Game Description: Control the outcome in the battle for Earth this summer with Transformers, the official game of the blockbuster film. Protect the earth with Autobots or destroy it as Decepticons as you lead the Transformers in the epic battle for control of planet Earth! Make a choice: Protect Earth as Autobots or destroy it as Decepticons. With dual campaigns, the fate of the world is in your hands.
Generic action games don't come with a much higher pedigree than this. The Transformers name promises giant robots hitting one another, and the developer, Traveler's Tales, is responsible for the single greatest licensed game in recent memory, Lego Star Wars. With expectations running that high, there's only one way way to approach the title —try to figure out just what the heck went wrong.
Like most Transformers games before it, Transformers: The Game is a hybrid third-person fighting/driving game. This one follows the plot of the movie, in which elaborately redesigned robots punch each other in hopes of acquiring some sort of magic, shrinking cube. Players are even given the choice of playing as Autobots or Decepticons, the good and evil robots, although their objectives don't actually differ all that much—missions are generally restricted to destroying things or collecting things, or destroying things to collect the other things that fall out of them. It's not exactly the most compelling scenario, but that's not really what people were coming for. Heck, as long as it doesn't feature a robot urinating on John Turturro, I'm happy.
Traditionally, Transformers games have had trouble finding a balance between the driving and shooting portions; the last Transformers game left driving almost completely out of the equation. Transformers: The Game makes the same mistake, but to a lesser extent. I don't know why it doesn't occur to anyone that in a game about cars that transform into robots, gamers might actually want to drive almost as much as they want to fight. The driving controls are adequate, and the cars all look good, there's just nowhere to drive them to. Even the largest level can be driven straight across in less than a few minutes, most far less. With the single exception of the police attention it attracts, there's just no reason to ever do anything but stomp around in robot form. The planes have it even worse—both levels in which the player can control a jet are so small that they can be flown across in flown across in just half a minute. I'm not suggesting that this game should have been some kind of epic Grand Theft Auto: Cybertron, but seeing as the player is controlling cars most of the time, would it have killed the developers to have given them somewhere to drive to?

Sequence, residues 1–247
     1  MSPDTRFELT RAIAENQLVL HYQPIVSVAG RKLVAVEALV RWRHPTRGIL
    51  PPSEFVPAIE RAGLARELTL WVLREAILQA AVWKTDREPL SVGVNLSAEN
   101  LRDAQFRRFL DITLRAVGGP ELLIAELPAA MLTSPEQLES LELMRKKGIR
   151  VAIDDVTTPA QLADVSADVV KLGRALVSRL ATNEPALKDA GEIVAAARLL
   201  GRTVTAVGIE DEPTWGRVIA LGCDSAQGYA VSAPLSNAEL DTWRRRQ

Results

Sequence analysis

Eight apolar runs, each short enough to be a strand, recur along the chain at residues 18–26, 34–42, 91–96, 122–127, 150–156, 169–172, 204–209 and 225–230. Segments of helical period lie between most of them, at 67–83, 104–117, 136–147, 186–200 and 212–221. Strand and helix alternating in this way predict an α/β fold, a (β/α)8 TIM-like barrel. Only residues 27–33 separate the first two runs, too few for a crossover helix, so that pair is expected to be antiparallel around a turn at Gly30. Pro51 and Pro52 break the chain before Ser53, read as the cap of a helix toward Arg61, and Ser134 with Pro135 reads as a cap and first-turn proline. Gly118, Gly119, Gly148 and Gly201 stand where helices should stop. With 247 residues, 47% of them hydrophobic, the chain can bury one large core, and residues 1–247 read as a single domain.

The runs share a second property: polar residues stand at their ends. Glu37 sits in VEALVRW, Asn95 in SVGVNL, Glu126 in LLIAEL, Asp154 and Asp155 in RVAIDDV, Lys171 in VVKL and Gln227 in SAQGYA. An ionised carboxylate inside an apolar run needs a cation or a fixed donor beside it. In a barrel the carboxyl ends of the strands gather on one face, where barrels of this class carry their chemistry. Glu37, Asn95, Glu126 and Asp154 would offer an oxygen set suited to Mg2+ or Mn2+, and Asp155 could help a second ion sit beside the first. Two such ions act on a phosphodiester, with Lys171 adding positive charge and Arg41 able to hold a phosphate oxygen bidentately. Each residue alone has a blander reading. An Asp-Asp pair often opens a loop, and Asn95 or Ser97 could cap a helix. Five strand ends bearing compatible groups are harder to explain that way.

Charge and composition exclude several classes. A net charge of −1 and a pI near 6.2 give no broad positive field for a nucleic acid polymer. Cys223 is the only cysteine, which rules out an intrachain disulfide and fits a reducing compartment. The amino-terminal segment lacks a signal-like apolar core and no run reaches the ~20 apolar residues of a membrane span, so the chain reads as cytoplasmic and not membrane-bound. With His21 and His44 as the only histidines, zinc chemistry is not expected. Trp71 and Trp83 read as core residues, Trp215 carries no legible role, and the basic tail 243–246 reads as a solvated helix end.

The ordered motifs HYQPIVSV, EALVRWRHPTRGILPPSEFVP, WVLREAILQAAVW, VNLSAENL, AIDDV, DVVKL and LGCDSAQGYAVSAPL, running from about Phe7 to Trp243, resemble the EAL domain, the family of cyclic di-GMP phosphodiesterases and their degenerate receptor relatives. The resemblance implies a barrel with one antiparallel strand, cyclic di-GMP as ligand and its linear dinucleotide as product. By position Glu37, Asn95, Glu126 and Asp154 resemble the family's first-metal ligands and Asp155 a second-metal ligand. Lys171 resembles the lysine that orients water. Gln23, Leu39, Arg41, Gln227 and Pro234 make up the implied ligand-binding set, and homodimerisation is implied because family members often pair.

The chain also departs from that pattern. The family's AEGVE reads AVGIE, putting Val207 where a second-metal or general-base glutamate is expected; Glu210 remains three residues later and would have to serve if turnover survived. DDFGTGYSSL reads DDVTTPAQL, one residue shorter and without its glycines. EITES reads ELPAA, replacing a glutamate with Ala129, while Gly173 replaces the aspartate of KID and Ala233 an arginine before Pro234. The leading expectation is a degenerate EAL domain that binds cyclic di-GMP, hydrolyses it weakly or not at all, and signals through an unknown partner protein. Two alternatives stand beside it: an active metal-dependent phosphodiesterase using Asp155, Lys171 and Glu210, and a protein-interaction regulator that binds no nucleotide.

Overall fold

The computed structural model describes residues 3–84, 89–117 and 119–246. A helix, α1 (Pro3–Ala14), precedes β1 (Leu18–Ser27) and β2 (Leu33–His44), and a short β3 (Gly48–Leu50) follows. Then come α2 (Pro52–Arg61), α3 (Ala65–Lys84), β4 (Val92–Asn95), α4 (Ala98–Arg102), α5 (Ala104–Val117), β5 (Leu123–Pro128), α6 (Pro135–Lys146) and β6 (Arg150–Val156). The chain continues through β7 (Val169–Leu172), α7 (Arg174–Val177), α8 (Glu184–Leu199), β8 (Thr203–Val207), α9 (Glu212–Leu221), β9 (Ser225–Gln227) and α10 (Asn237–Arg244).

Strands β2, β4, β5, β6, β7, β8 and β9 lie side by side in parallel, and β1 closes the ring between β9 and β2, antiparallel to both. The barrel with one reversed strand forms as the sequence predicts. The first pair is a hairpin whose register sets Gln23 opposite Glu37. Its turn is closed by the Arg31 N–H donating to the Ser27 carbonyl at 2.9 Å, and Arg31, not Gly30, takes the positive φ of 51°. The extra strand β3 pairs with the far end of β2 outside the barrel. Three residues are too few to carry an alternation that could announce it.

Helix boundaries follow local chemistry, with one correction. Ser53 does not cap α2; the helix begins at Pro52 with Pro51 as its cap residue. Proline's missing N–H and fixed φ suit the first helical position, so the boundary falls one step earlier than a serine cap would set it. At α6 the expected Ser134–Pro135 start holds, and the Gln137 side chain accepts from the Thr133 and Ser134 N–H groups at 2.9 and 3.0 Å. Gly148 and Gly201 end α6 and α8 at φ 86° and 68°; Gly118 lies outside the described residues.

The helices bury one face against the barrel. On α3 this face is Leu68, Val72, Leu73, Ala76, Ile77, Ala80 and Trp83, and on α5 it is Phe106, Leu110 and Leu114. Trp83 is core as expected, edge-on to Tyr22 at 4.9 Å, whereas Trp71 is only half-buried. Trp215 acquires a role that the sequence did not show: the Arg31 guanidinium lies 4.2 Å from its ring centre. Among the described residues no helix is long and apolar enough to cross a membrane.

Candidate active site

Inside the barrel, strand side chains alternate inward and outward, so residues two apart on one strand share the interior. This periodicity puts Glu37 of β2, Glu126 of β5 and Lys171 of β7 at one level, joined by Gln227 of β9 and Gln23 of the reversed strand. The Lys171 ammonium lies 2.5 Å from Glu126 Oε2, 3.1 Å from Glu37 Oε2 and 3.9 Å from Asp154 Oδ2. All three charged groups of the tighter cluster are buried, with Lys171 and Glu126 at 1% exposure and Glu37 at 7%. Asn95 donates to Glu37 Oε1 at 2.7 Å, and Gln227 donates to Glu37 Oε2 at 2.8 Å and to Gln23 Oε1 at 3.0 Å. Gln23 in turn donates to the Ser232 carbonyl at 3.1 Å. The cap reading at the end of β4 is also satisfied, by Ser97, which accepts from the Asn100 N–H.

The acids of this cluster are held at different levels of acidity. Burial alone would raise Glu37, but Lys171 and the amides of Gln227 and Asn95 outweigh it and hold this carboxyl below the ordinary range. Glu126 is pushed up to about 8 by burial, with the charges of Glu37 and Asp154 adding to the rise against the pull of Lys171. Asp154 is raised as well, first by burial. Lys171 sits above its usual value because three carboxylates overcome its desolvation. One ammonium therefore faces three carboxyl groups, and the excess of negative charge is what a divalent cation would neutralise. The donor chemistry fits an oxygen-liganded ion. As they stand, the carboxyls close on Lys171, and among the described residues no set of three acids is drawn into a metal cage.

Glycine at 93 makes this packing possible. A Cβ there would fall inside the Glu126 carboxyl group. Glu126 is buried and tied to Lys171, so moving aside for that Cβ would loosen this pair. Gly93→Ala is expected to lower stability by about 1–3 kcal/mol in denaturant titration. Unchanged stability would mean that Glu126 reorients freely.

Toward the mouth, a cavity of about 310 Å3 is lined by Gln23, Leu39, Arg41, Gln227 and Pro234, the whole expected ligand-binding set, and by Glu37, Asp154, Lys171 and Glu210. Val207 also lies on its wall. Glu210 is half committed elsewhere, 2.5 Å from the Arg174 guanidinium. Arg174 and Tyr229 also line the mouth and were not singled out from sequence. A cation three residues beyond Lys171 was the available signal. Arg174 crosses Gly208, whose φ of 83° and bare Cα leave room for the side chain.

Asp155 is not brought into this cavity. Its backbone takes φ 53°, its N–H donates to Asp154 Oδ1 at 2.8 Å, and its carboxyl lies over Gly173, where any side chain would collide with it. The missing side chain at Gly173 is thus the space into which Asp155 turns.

While the levels are almost criminally small, at least there aren't very many of them, so players have that to look forward to, anyway. Actually wait, that's a bad thing, isn't it? Yes, for a full-priced game Transformers is almost criminally short. While there are two full campaigns, each one features only four levels, and just a handful of missions in each. It's easily within reason that someone could finish the entire game within three hours. That's short. That's Bullet Witch short. What's worse, beyond scouring corners of levels to find energon cubes to unlock concept art, there's absolutely nothing to do in the levels once the story missions have been completed. What's even worse is that the game doesn't let the player select which Transformer they'll be using when they replay an earlier level, robbing them of even the smallest amount of sandbox fun that could be gleaned from making Megatron stomp around suburbia kicking over school busses and stepping on police cars.
Which brings me to the combat, which is visually impressive but otherwise critically flawed. It's nice that most of the buildings in the game dramatically explode when punched or shot, but this isn't a game about blowing up buildings, it's a game about blowing up robots, and not a very good one at that. Worried that a game featuring just eight giant robots wouldn't play, the developers leaned on the old crutch of flooding each level with dozens of identical generic robots. So generic, in fact, that other than minor coloring differences, Autobot drones and Decepticon drones are essentially the same robot, looking almost identical and having the exact same special abilities. The idea is that the player won't realize that they're bored if they're constantly deluged with things to punch. It doesn't work as well as the developers had hoped.